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Lt. Cmdr. Barnet Harris, assigned to the Bilateral Crisis Action Team at Camp Sendai, Japan, works with Japan Self-Defense Force troops to coordinate U.S. and Japanese relief efforts.
Lt. Cmdr. Barnet Harris, assigned to the Bilateral Crisis Action Team at Camp Sendai, Japan, works with Japan Self-Defense Force troops to coordinate U.S. and Japanese relief efforts. (Nathan A. Bailey/Stars and Stripes)
Lt. Cmdr. Barnet Harris, assigned to the Bilateral Crisis Action Team at Camp Sendai, Japan, works with Japan Self-Defense Force troops to coordinate U.S. and Japanese relief efforts.
Lt. Cmdr. Barnet Harris, assigned to the Bilateral Crisis Action Team at Camp Sendai, Japan, works with Japan Self-Defense Force troops to coordinate U.S. and Japanese relief efforts. (Nathan A. Bailey/Stars and Stripes)
Lt. Cmdr. Barnet Harris, center, assigned to the Bilateral Crisis Action Team at Camp Sendai, Japan, works with Japan Self Defense Force troops to coordinate joint U.S. and Japanese relief efforts.
Lt. Cmdr. Barnet Harris, center, assigned to the Bilateral Crisis Action Team at Camp Sendai, Japan, works with Japan Self Defense Force troops to coordinate joint U.S. and Japanese relief efforts. (Nathan A. Bailey/Stars and Stripes)

SENDAI, Japan – U.S. and Japanese troops have recovered 58 bodies since launching a massive joint operation to search for the thousands of people still missing after the March 11 earthquake and tsunami, according to Japanese officials.

Seven thousand U.S. servicemembers and 18,000 Japan Self-Defense Force troops are participating in the operation, which is expected to wrap up Sunday evening.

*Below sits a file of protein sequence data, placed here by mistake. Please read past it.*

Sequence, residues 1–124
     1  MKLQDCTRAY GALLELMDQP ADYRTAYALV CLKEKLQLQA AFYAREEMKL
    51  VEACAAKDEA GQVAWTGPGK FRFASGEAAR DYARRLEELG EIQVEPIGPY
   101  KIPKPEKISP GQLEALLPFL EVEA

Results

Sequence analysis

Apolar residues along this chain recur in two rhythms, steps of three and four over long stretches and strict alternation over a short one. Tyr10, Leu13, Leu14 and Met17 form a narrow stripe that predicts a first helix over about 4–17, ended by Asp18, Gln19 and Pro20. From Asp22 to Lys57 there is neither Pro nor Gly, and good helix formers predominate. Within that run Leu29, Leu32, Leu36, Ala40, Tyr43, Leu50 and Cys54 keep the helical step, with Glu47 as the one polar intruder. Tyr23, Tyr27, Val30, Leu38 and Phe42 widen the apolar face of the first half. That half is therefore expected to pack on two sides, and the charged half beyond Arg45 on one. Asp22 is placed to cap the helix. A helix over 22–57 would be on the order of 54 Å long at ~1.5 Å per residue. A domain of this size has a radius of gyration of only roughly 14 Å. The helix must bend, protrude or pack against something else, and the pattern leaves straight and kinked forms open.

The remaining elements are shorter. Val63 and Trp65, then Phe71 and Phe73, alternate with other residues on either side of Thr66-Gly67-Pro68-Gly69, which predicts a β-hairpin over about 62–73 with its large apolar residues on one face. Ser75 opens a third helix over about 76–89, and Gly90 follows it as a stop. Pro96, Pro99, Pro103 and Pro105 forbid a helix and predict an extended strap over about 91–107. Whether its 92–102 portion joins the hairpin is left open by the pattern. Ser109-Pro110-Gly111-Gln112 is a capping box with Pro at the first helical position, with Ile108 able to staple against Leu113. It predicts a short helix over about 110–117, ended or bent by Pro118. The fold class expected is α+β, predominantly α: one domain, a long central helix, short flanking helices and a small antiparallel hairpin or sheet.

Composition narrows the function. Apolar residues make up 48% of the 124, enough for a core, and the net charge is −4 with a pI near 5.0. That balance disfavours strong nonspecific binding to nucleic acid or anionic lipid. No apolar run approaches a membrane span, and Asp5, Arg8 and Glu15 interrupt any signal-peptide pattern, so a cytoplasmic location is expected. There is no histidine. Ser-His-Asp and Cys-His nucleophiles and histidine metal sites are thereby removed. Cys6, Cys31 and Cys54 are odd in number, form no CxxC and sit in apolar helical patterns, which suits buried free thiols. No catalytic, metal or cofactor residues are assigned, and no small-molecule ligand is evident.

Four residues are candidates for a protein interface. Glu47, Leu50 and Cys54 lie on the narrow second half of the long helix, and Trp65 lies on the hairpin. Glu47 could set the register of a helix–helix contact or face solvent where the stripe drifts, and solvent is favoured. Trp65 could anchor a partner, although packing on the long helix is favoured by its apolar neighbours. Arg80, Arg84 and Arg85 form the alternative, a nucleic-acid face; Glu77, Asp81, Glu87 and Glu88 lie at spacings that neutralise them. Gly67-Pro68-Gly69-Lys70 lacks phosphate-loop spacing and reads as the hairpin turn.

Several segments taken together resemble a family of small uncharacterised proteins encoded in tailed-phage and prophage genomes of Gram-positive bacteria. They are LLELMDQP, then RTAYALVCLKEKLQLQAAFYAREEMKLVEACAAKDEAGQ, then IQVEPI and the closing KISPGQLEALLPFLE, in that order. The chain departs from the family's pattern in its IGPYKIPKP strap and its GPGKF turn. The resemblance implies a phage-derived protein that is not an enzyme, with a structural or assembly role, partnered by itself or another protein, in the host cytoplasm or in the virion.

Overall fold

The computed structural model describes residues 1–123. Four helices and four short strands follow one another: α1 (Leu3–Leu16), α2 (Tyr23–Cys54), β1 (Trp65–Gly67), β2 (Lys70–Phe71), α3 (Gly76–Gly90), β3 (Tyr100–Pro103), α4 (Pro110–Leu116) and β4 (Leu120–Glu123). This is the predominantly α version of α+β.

U.S. ground forces are not involved in the search, which covers Pacific coastal areas in Iwate, Miyagi and Fukushima prefectures, as well as waters up to 12 miles off shore, according to Marine spokesman 1st Lt. Nicklaus Eisenbeiser. U.S. forces participating in the operation are being lead by the Navy’s 7th Fleet, which is providing aerial search support, he said.

“By mobilizing 120 airplanes and helicopters and 65 vessels from both militaries, the three-day operation will be conducted along jagged coastline and off shores of the stricken areas, except for the 12-miles restricted zone surrounding the Fukushima No. 1 nuclear power plant,” a JSDF spokesman said Sunday.

U.S. Navy Lt. Commander Barnet Harris, 32, of San Jose, Calif., an officer working to coordinate U.S. and Japanese military efforts in the “Bilateral Crisis Action Team Room” on a JSDF base in Sendai, said Saturday that the U.S. is providing support in the search for bodies at sea. Harris said although the militaries are now searching for dead bodies at sea they are officially referred to as “missing persons”.

A U.S. military liaison officer working with Japanese troops in the field in northern Japan, Marine Capt. Adan Maldonada, 33, of El Paso, Texas, said American personnel take a hands-off approach when they come across dead bodies.

For example, troops removing debris avoid using heavy equipment such as bulldozers where possible, he said.

“As we are doing it there is a lot of sensitivity because there are human remains mixed in with the debris,” he said. “You can’t just scoop the debris up with a dozer and dump them. You have to sift through it and clear it.”

U.S. troops working with a Japanese unit clearing a school playground found a man’s body during clean up operations Friday, Maldonada said.

“We just stopped, and the Japanese took him,” he said.

Officers tell soldiers and Marines who find a body: “Stop what you are doing and grab a senior JSDF official on the ground,” he said. “There is no taking photographs and hanging out. Move away from the area and let the Japanese handle it.”

Japanese Coast Guard, police and fire agencies are also participating in the search operation, the JSDF spokesman said.

According to the Japanese Police Agency, 12,009 people were confirmed dead and 15,472 people are unaccounted for as of Sunday.

In Miyagi, one of the hardest hit prefectures, 7,318 people were killed and 6,329 people remain missing. In Iwate prefecture 3,518 are dead and 4,513 people are missing.

Stars and Stripes reporter Chiyomi Sumida contributed to this report.

robsons@estripes.osd.mil

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